Category: advice

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‘Everything is an Opportunity’

A few months ago, I adopted a new, personal slogan—and it is my motto for 2017: “Everything is an opportunity”. Think of it as an adaptation of old adage: “Make your own luck”, which I Googled today out of curiosity. There’s some good advice from several of the top hits, somewhat syncing with my own thinking, that would be good new year reading for you: That phrase as headline, Psychology Today; “13 Proven Ways to Make Your Own Luck“, Inc.; and “10 Proven Ways to Make Your Own Luck“, Entrepreneur.

How interesting: Business publication stories top search results for the “luck” phrase; other than PT. I see the sense in that for someone trying to build something. My motto differs in expanse: It is a lifestyle, a way of thinking. I don’t mean to sound like some living-in-lala-land motivational speaker. As a journalist, my cynicism about everything flows deep through my psyche. But so does my optimism, based on experience. 

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From Amazon’s Bookstore Risk Can Come Great Rewards

There is collective head-scratching across the InterWebs about a Wall Street Journal report that Amazon will open as many as 300, or even 400, stores selling books. The company’s massive success selling ebooks and the cost and selection advantages of warehousing their physical counterparts make the concept seem nonsensical. I contend that it’s brilliant.

Amazon is in process of expanding online services into the purview of local retail, which biggest competitive advantage is immediacy. In conjunction with the $99-per-year Prime program, the online retailer offers faster shipping; same day, and within hours, in some locales. The company increasingly contracts its own carriers, as well. Immediacy requires presence. What better location than a bookstore that also warehouses other goods and provides customer service operations? That’s all without considering the branding opportunities, which, as Apple Store demonstrates, can be huge.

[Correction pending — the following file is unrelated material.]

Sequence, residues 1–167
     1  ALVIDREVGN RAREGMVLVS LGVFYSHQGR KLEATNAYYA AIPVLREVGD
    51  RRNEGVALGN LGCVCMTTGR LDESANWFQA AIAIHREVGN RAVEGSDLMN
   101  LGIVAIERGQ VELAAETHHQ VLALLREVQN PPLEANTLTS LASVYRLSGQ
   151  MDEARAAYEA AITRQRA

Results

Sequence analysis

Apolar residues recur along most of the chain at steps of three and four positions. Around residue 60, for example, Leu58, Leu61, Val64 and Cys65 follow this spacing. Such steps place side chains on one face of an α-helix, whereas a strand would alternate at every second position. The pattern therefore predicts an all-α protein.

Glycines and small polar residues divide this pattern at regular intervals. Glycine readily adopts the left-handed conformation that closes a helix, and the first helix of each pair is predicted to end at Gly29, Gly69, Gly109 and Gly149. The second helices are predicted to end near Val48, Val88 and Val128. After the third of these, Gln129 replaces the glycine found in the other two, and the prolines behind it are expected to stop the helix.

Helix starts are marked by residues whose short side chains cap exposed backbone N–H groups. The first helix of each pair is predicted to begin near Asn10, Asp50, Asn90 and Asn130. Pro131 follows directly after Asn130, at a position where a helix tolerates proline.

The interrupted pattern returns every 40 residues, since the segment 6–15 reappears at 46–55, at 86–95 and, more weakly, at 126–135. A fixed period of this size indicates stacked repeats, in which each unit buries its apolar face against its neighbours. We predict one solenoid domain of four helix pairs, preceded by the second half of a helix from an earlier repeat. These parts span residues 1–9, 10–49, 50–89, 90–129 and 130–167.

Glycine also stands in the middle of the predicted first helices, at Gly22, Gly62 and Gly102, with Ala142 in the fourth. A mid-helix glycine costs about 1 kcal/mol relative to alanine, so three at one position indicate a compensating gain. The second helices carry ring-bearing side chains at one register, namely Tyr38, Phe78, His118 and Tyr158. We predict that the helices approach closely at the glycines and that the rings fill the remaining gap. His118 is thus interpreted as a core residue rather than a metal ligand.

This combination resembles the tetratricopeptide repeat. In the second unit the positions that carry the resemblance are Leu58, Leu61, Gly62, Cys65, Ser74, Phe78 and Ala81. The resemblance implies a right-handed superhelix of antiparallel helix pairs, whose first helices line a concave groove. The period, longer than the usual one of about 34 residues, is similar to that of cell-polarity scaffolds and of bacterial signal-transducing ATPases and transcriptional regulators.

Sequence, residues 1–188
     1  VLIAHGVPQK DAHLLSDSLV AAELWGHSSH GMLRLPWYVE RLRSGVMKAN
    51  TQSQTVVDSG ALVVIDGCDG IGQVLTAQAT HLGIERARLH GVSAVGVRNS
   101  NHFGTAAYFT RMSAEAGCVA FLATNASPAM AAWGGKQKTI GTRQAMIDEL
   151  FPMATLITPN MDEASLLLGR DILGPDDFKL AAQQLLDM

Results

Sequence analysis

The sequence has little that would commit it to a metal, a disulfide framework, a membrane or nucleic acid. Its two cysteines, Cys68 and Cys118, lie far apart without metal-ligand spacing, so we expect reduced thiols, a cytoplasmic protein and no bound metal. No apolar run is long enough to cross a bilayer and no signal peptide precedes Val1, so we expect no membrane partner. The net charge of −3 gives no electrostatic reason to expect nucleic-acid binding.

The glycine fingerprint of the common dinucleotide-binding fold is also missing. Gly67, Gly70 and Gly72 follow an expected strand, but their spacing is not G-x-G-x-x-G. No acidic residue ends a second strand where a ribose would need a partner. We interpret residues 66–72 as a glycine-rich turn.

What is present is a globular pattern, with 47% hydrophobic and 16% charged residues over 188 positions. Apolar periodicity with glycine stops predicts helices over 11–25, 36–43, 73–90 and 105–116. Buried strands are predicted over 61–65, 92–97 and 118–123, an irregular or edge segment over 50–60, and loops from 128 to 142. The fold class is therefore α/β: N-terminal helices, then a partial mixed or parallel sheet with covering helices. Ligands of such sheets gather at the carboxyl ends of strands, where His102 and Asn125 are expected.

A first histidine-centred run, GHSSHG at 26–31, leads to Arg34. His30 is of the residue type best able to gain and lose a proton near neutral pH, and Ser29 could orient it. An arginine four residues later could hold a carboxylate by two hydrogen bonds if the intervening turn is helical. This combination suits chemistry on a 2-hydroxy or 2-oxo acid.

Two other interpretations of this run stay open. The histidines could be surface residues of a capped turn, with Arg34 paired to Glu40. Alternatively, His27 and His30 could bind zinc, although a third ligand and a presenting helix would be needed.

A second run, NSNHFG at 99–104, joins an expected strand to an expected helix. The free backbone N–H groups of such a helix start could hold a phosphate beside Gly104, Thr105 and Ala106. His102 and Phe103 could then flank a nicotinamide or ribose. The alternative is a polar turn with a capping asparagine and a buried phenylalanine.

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If You Can Vote for American Idol on Smartphones, Why Not Presidents?

Over the weekend, my 94 year-old father-in-law asked what I would do to assure that every American who could vote would do so. That was an unexpected question, but one I addressed gingerly. This post is my answer restated for a public venue.

Simple answer: Smartphone. According to PewResearchCenter, nearly 70 percent of Americans own one of the devices, but the number among voting age adults tops 80 percent, according to other estimates. Surely a program could be in place by the 2020 Presidential race, and if lawmakers were truly serious about universal suffrage, a Manhattan-like project could make it happen by the next Mid-terms. 

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What If: Google Drone Street View

There is no shortage of online blabbers making predictions about the future or bloggers pining pageviews with rumors about the next thing (usually from Apple). I rarely join the chorus of new year prognosticators—and won’t now. Instead I make a wishful what-if aimed squarely at Google. Watching the blizzard blast the Washington, D.C. metro area, once my home and for most of my adult life, I got to thinking: Wouldn’t a live feed, something like Google Drone Street View, be fantastic way to experience the storm?

Why shouldn’t this be the next wave in drone deployments? If not from Google, then from newscasters? The low-flyers could go where snow would stop motorized vehicles; and, connected in real-time to Google Maps, provide contextual viewing experience. You can be there, too, even if living one-thousand kilometers distant. Newscasters could use drones to give a more immersive watching experience. 

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The Paywall Problem

This week the long-dreaded Washington Post renewal email plunked into my inbox. So ends a glorious year of reading the digital newspaper on PC and tablet. My cheap thrill ride is over: “Your subscription will be renewed for a year on Aug. 26, 2015, at the rate of $149/year. As you’ve requested, payments for your subscription to the Post are automatically charged to your credit card”. I requested nothing. The Post imposed auto-renewal, which I cancelled the next day. My sub now ends on August 26.